Furthermore, XRCC1 is involved in the repair of DNA SSB and oxidative damage (23). This protein interacts with DNA ligase III, polymerase β and PARP1 participating in the BER pathway. Reduced XRCC1 expression may confer chemoradiation and leads to improved patient survival.

4. Epigenetic silencing

Between 50–80% of HBOC syndrome can be explained by defective germline mutations in BRCA1 and BRCA2 as well as, to a lesser degree, other genes described above, but for the remaining families the factors driving susceptibility remain unknown (24). Approximately one third of the HBOC families do not have evidence of the germline mutations in BRCA1 and BRCA2. The loss of BRCA function might be due to either germline/somatic mutation or epigenetic silencing. Since little is known about the contribution of epimutations to the remaining BRCA1/2 mutation-negative cases, epigenetic silencing has been explored in HBOC syndrome. The activities of tumor suppressor genes and cancer susceptibility genes could be influenced by genetic and epigenetic alterations. Decreased expression of cancer susceptibility genes has been observed in sporadic breast and ovarian cancer where it is often associated with the aberrant epimutations or hypermethylation of the BRCA1 and BRCA2 genes. The loss of BRCA1 function due to somatic hypermethylation explained ~10% of sporadic breast cancer cases. A subset of the sporadic tumor patients demonstrated hypermethylation of BRCA2 and their interacting protein including HP1γ (heterochromatin protein 1gamma), RAD51C, ATM and PALB2 (25). Based on BRCA1 deletion, TP53 mutations, ER- and PgR-negative status, young age at diagnosis and high grade tumor, phenotypic features of sporadic breast cancers resemble BRCA1 mutated cancers termed ‘BRCAness’. Phenotypic similarities were most closely observed in BRCAness, epigenetic silencing and deletion of the BRCA1 and BRCA2 genes.

5. Lynch syndrome

Many genes have been implicated in the DNA damage response pathways where the BRCA1 and BRCA2 genes are involved. Genetic susceptibility to cancer is attributed to deleterious germline mutations in the DNA mismatch repair (MMR) genes. Another important non-BRCA1/BRCA2 hereditary condition is hereditary non-polyposis colorectal cancer (HNPCC) syndrome, also known as ‘Lynch syndrome’. Two manifestations of hereditary ovarian cancer are currently recognized: the HBOC syndrome and the HNPCC syndrome. Lynch syndrome has been defined clinically and genetically and is an autosomal-dominant cancer predisposition syndrome that increases the risk for several forms of malignancy, including colorectal (lifetime cancer risk, 70–80%), endometrial (50–60%), stomach cancer (13–19%), ovarian cancer (9–14%), small intestine, liver and biliary tract, brain, as well as transitional cell carcinoma of the ureters and renal pelvis. Mutations in four MMR genes [MLH1 (mutL homolog 1), MSH2 (mutS homolog 2), MSH6 (mutS homolog 6) and PMS2 (postmeiotic segregation increased 2)] are associated with Lynch syndrome and account for another 10% of hereditary ovarian cancer (26). The MMR genes encode proteins involved in the same pathway of DNA mismatch repair. These genetic defects in the DNA MMR system result in DNA replication errors, including base substitutions and insertion-deletion loops, known as microsatellite instability (MSI). MutS α complex (composed of MSH2 and MSH6) or MutS β complex (MSH2–MSH3) recognizes single-base mismatches and small insertion-deletion loops, binds to mismatched DNA, and recruits the MutL α complex (MLH1–PMS2), which leads to strand discrimination and removal of the errors and coordinates the remaining steps in MMR (2729).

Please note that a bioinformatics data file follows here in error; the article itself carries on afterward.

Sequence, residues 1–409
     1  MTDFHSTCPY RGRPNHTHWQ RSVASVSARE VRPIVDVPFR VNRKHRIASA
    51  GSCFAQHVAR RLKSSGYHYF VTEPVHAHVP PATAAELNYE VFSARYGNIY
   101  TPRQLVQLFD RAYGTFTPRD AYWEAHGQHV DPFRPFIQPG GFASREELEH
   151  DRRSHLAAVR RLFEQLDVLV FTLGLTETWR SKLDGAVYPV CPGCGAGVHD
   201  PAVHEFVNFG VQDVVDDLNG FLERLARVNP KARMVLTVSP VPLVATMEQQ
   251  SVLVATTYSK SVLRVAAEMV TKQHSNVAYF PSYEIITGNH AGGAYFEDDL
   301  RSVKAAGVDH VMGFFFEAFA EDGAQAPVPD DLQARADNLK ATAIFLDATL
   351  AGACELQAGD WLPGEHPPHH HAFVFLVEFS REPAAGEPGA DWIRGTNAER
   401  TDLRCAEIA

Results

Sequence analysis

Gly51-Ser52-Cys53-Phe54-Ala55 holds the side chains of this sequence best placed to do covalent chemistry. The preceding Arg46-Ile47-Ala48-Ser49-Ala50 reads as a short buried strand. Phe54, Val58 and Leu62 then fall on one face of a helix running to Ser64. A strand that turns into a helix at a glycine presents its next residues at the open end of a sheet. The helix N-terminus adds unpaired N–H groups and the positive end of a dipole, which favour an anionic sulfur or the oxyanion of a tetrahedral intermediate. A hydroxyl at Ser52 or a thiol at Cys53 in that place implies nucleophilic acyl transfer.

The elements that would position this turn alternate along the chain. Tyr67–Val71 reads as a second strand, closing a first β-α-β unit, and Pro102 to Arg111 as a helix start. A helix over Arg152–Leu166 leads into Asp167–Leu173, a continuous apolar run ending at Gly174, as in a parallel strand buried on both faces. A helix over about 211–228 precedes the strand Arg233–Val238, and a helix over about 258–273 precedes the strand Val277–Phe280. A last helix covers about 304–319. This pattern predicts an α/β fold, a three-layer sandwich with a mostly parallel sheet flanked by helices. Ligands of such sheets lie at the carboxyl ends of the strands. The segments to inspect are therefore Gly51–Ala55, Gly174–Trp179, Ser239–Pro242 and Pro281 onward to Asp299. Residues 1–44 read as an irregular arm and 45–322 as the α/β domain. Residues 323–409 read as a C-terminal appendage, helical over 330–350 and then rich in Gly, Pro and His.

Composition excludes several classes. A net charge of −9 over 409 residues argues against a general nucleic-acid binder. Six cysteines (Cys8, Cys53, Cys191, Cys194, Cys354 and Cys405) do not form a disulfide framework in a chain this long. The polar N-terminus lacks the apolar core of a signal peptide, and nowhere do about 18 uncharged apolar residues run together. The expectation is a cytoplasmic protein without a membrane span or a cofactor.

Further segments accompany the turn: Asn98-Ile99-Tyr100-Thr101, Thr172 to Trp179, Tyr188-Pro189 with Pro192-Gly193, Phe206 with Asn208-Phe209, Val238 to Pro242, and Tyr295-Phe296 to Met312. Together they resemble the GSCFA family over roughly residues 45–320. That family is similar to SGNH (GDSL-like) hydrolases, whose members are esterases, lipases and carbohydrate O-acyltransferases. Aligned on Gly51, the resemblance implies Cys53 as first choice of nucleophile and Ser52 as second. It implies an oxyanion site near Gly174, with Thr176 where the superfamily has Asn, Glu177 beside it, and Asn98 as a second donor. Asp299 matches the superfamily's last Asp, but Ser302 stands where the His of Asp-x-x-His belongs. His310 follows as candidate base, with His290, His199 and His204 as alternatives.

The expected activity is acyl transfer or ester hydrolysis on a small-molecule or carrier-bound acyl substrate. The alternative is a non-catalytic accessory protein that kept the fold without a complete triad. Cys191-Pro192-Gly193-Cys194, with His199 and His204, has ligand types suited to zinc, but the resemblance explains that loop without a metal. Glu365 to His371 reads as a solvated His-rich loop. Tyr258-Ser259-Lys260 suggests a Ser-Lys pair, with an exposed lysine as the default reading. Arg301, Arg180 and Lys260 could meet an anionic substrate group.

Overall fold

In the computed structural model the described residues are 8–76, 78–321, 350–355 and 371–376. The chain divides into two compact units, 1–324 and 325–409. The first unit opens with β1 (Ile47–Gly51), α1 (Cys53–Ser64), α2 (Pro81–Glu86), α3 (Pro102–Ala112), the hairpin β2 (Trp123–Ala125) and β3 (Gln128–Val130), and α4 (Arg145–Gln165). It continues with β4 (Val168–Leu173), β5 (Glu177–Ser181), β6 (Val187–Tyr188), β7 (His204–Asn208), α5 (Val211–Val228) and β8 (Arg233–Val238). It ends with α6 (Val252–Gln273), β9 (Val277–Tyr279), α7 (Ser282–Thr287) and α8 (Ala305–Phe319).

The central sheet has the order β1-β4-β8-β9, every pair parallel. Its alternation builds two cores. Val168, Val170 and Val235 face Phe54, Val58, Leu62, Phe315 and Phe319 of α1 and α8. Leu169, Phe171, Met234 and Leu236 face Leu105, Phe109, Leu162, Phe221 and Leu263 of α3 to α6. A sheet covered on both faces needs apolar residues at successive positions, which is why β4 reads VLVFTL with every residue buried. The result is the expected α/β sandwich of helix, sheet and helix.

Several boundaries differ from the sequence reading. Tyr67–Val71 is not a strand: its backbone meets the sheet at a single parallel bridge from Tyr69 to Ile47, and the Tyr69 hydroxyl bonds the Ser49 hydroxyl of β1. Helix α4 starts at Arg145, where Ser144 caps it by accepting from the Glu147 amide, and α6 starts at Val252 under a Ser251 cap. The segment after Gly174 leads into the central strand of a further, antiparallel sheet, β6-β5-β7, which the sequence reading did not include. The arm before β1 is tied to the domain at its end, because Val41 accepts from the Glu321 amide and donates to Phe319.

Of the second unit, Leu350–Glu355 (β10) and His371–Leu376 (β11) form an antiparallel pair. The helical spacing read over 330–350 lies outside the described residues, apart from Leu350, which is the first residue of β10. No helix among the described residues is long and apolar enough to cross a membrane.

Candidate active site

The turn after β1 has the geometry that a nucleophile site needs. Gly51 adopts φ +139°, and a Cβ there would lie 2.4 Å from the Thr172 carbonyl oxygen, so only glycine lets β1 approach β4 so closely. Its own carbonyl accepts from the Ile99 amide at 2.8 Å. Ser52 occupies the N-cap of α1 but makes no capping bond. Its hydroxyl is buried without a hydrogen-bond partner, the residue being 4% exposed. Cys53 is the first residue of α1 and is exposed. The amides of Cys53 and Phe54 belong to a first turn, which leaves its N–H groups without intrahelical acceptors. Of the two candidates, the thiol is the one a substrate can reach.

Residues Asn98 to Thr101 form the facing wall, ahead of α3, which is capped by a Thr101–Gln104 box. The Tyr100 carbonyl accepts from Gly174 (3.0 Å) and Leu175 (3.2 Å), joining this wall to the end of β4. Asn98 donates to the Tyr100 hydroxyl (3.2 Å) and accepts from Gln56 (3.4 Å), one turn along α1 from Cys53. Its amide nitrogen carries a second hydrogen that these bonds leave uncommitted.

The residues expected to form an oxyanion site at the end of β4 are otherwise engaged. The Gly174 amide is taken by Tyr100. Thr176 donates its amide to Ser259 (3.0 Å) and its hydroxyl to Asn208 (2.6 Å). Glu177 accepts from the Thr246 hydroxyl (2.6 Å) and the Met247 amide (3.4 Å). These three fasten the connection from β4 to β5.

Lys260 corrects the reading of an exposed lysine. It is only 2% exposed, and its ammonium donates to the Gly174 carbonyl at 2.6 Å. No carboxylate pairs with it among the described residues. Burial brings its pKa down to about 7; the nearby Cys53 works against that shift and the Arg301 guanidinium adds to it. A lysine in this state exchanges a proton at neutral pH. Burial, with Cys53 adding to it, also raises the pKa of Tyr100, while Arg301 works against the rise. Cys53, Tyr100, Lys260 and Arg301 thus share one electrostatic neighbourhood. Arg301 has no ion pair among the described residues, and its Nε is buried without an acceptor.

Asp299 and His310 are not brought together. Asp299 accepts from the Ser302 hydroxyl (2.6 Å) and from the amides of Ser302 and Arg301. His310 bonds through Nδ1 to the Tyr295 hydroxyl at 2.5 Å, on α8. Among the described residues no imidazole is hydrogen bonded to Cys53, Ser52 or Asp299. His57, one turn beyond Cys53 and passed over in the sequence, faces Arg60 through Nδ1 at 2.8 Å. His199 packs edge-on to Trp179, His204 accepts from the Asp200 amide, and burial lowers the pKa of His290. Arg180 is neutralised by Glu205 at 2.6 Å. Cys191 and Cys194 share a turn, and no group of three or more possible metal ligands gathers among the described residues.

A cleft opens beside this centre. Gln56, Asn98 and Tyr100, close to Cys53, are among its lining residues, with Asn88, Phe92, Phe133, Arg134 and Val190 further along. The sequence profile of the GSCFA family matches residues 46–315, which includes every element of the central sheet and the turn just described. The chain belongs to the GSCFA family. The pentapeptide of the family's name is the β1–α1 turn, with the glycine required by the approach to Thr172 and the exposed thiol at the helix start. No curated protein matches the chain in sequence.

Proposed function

Both HNPCC and HBOC associated ovarian cancer develop along distinct genetic pathways (30). Although some deviating reports exist, breast cancer incidence has been found to be elevated in Lynch syndrome patients (31). Furthermore, germline mutations associated with Lynch syndrome has been described in 2–3% of patients diagnosed with endometrial cancer. Among Lynch syndrome-related cancers, endometrial cancer is riskier than colorectal cancer in terms of estimated lifetime cumulative risk (32). The overall 5-year survival rate for endometrial (88 vs. 82%) or ovarian cancer (64 vs. 58%) was not significantly different between patients with endometrial or ovarian cancer that are associated with Lynch syndrome and the controls with sporadic cases (33,34). Although immunohistochemical analysis of tumor tissue proved to be a good pre-screening test before proceeding to germline mutation analysis, the discordant results are sometimes observed between immunohistochemistry and replication error phenotyping. Notwithstanding this limitation, immunohistochemistry may be helpful in the evaluation of women with a likely diagnosis of Lynch syndrome. Immunohistochemistry for DNA MMR showed loss of proteins in 9% of women with synchronous endometrial and ovarian cancer (35).